So this attempt is a dedication to balancing the budget. Thanks to all the leftover unsalted butter in the refrigerator from Thanksgiving, I had everything on hand for this recipe and you probably do too.
Molly Killeen's version:
Andrew Scrivani for The New York Times
I am a huge fan of mildly sweet desserts, and so when I read Melissa Clark's article about this two-layer cake with a bottom layer that sounded more like bread than cake, I was totally sold.
I hadn't baked in a while and forgot about the foresight needed when it comes to room-temperature ingredients. My solution was to put both the milk and butter on top of the hot toaster oven for a few minutes though I didn't feel great about the partially melted butter.
This bready/cakey layer needed to rise for three hours, which would have meant me putting it in the oven around 9pm. Instead, I remembered something from a previous baking attempt (battle challah?) about allowing bread to rise in the refrigerator overnight--that it actually made for a slower, more complex rise. (I might be making this up about the complex part, but I feel like it's true?)
I took my time, cleaning up as I went along, and guess what? By the time I pulled the cover off the bottom layer, it looked a little puffed up--probably not doubled, but certainly puffed.
Slightly less braced for failure, I poured what was destined to be the gooey layer over the bready layer and put it in the oven.
Uhm. Allow me to explain in terms of The Twilight Saga. Eating this cake is a lot like being a teenager who falls irrevocably in love with an extremely good-looking vampire. You know it's not good for you, but you just can't help yourself. (So I got into The Twilight Saga. So what? Matt started it.)
RECIPE via NY Times:
3 tablespoons milk at room temperature
1 3/4 teaspoons active dry yeast
6 tablespoons unsalted butter at room temperature
3 tablespoons sugar
1 teaspoon kosher salt
1 large egg
1 3/4 cups all-purpose flour
For the topping:
3 tablespoons plus 1 teaspoon light corn syrup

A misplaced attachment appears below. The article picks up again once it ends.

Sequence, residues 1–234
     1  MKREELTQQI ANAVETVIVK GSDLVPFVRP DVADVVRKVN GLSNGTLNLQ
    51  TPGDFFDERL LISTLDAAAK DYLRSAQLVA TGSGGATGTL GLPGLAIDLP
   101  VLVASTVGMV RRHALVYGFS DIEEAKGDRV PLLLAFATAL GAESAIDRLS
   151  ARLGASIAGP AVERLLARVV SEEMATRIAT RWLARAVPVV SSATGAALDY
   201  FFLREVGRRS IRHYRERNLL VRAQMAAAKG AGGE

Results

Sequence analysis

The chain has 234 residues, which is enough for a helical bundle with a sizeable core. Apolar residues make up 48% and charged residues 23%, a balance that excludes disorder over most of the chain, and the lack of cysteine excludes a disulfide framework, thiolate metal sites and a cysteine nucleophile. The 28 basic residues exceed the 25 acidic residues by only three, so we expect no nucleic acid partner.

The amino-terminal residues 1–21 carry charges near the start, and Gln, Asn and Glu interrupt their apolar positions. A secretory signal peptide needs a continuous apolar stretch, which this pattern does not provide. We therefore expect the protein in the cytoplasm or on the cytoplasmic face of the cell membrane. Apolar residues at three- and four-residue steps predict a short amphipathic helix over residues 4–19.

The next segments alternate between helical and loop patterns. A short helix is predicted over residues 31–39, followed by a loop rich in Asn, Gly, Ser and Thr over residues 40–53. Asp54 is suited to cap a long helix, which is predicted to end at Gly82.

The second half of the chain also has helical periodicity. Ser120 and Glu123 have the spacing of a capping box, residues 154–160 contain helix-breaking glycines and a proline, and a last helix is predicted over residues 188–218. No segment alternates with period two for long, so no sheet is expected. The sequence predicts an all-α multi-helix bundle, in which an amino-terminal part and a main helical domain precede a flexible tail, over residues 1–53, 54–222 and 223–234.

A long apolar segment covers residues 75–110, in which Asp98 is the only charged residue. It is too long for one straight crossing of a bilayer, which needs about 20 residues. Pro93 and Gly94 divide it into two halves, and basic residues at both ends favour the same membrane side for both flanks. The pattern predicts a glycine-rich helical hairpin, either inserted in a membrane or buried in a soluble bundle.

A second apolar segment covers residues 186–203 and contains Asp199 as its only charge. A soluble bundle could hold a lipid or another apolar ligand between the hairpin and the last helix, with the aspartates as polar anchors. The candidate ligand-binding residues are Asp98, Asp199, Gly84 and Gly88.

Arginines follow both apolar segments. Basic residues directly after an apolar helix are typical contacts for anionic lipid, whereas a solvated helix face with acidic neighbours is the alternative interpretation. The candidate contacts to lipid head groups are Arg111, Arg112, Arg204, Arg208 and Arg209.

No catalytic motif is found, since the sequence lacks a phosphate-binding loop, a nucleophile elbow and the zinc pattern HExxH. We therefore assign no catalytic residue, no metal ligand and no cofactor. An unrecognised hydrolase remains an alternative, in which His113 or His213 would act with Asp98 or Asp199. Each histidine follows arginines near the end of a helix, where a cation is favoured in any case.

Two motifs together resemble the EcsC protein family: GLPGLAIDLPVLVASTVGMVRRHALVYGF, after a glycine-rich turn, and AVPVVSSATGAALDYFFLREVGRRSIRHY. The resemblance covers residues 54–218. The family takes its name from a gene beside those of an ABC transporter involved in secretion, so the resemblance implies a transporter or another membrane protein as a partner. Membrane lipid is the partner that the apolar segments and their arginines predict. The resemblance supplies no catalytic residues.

2 1/2 teaspoons vanilla extract
12 tablespoons (1 1/2 sticks) unsalted butter, at room temperature
1 1/2 cups sugar
1/2 teaspoon kosher salt
1 large egg
1 cup plus 3 tablespoons all-purpose flour
Confectioners’ sugar, for sprinkling.
1. In a small bowl, mix milk with 2 tablespoons warm water. Add yeast and whisk gently until it dissolves. Mixture should foam slightly.
2. Using an electric mixer with paddle attachment, cream butter, sugar and salt. Scrape down sides of bowl and beat in the egg. Alternately add flour and the milk mixture, scraping down sides of bowl between each addition. Beat dough on medium speed until it forms a smooth mass and pulls away from sides of bowl, 7 to 10 minutes.
3. Press dough into an ungreased 9-by 13-inch baking dish at least 2 inches deep. Cover dish with plastic wrap or clean tea towel, put in a warm place, and allow to rise until doubled, 2 1/2 to 3 hours.
4. Heat oven to 350 degrees. To prepare topping, in a small bowl, mix corn syrup with 2 tablespoons water and the vanilla. Using an electric mixer with paddle attachment, cream butter, sugar and salt until light and fluffy, 5 to 7 minutes. Scrape down sides of bowl and beat in the egg. Alternately add flour and corn syrup mixture, scraping down sides of bowl between each addition.
5. Spoon topping in large dollops over risen cake and use a spatula to gently spread it in an even layer. Bake for 40 to 45 minutes; cake will rise and fall in waves and have a golden brown top, but will still be liquid in center when done. Allow to cool in pan before sprinkling with confectioners’ sugar for serving.